* Imminent U.S. hurricane season prompts more ILW trading
* High cat losses in Q1 leave companies without enough cover
* ILW prices increase by 10-15 percent
* Busy cat bond market leaves no free additional capacity
By Sarah Hills
LONDON, May 27 Catastrophe derivative prices and
trading have increased sharply in all U.S. natural peril risks
in the run-up to the start of the hurricane season, making it
more dfficult for reinsurance companies to hedge against a
repeat of Hurricane Katrina, brokers say.
Demand for industry-loss warranties (ILWs) and derivatives,
used by reinsurers such as Munich Re (MUVGn.DE), Swiss Re
RUKN.VX and Credit Suisse CSGN.VX to cover their losses from
natural disasters, remains brisk in the run-up to the six-month
long North Atlantic storm season, brokers said.
But a price decline in the ILW market in the last six months
has reversed as buyers look to protect themselves against
possible further catastrophe losses following the active first
and second quarters in 2010.
ILWs are reinsurance contracts, typically covering a
calendar year, that pay out according to the total loss to the
insurance industry of a hurricane or earthquake, rather than the
buyer's own losses. Similar derivatives are traded on an
exchange or over-the-counter.
"Events in Chile, Australia and offshore have impacted upon
(re)insurers' appetite to retain loss and so they are looking to
enhance those reinsurance protections already in place," said
Larry Rothstein, vice president, analytics and capital markets
for reinsurance brokerage Guy Carpenter's ILW Desk.
He said a sharp increase in traded volumes had resulted in
terms hardening by more than 10 percent after what has been a
sustained period of softening since early 2009.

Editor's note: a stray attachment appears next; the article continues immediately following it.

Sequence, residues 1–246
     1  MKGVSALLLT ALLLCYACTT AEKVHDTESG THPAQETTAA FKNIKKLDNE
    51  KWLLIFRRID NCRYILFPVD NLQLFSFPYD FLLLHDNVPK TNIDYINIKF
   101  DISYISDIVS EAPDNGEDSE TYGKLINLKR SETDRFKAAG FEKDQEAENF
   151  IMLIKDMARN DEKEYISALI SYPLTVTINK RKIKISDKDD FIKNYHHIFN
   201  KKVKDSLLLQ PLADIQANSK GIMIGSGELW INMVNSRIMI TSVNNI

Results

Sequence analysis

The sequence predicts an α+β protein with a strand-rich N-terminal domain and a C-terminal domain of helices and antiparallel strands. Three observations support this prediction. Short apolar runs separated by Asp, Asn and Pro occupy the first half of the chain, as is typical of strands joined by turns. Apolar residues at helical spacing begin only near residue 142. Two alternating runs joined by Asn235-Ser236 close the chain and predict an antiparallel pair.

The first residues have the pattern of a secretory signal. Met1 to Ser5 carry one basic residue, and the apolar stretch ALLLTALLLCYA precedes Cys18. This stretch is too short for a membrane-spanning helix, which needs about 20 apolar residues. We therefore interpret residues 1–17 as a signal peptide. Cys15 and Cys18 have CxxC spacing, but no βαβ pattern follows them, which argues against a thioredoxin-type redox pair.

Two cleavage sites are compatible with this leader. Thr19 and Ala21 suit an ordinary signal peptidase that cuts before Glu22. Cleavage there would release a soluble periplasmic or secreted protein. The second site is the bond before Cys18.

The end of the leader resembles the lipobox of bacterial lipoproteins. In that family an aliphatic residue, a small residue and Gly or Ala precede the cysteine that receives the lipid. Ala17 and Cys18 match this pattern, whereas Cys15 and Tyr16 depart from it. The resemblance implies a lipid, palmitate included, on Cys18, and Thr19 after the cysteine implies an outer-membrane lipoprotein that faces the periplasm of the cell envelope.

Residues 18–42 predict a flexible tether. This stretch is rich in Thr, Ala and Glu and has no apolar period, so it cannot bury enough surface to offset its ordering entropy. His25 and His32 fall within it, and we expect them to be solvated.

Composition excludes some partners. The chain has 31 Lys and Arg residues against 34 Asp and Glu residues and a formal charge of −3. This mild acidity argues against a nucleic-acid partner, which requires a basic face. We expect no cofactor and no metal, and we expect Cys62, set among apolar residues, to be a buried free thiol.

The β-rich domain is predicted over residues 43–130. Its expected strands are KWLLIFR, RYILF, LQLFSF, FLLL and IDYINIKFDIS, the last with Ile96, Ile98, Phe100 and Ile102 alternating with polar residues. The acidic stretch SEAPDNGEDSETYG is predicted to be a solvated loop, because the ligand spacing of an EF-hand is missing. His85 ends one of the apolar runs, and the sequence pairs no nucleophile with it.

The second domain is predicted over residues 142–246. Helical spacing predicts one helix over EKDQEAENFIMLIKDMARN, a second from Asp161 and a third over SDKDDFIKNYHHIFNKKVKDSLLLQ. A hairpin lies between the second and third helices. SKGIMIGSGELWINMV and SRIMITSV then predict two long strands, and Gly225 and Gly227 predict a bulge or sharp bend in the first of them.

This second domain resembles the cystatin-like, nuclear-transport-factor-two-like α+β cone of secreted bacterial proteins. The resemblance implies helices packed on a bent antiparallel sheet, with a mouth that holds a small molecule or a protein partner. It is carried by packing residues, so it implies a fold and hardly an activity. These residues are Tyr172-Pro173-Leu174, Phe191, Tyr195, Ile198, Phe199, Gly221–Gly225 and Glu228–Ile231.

Derivatives such as IFEX's Event-Linked Futures (ELF),
traded by the Chicago Climate Futures Exchange, have also
increased in price. An ELF, the capital markets equivalent of an
ILW, paying out on a $10 billion North America hurricane event
currently carries a premium of $46, compared with $39.25 in
(For more information see
Catastrophe losses were modest last year, after costly 2008
disasters such as Hurricanes Ike and Gustav, but this year has
seen a number of disasters, including the massive Gulf of Mexico
oil spill off the U.S. coast.
This could cause problems if there is a higher-than-normal
frequency of hurricanes, earthquakes and risk losses for the
remainder of the year, say brokers.
"Some companies have found themselves in a situation where
their protection has been partially eroded by events in the
first quarter of 2010. They need additional capacity to protect
against the wind season, so they may look to buy ILWs," said
Stefano Nicolini, senior vice president for broker (re)insurance
BMS's ILW team.
Demand for ILWs has increased prior to the June and July
renewals, particularly in U.S. wind, before the start of the
season. But brokers said pricing has increased by 10 to 15
percent in the last month due to a lack of capacity in the
The abundance of capacity in the traditional reinsurance
market -- particularly retrocession, the passing of reinsurance
risks to other reinsurers -- has contributed to a decrease in
demand for ILW as buyers can find suitable capacity in the
traditional market, brokers say.
"Retrocession capacity is tight for U.S. wind as there is
not much capacity available for U.S. wind nationwide covers,"
said Stephen Breen, a partner at boutique reinsurance broker
"Capacity is available when you get down to single state,
but that's not what people are asking for on retro covers -
their first choice is to buy nationwide," he said.
U.S. nationwide risks are seeing the highest increase in
pricing since the beginning of the year, but now there is no new
capacity coming in, added Nicolini.
"Suddenly there is less wind capacity in the ILW market, but
still demand and therefore pricing for wind is staying flat or
going up," he said.
Forecasters are predicting above average tropical storm
activity this year.
(Additional reporting by Daniel Fineren; Editing by David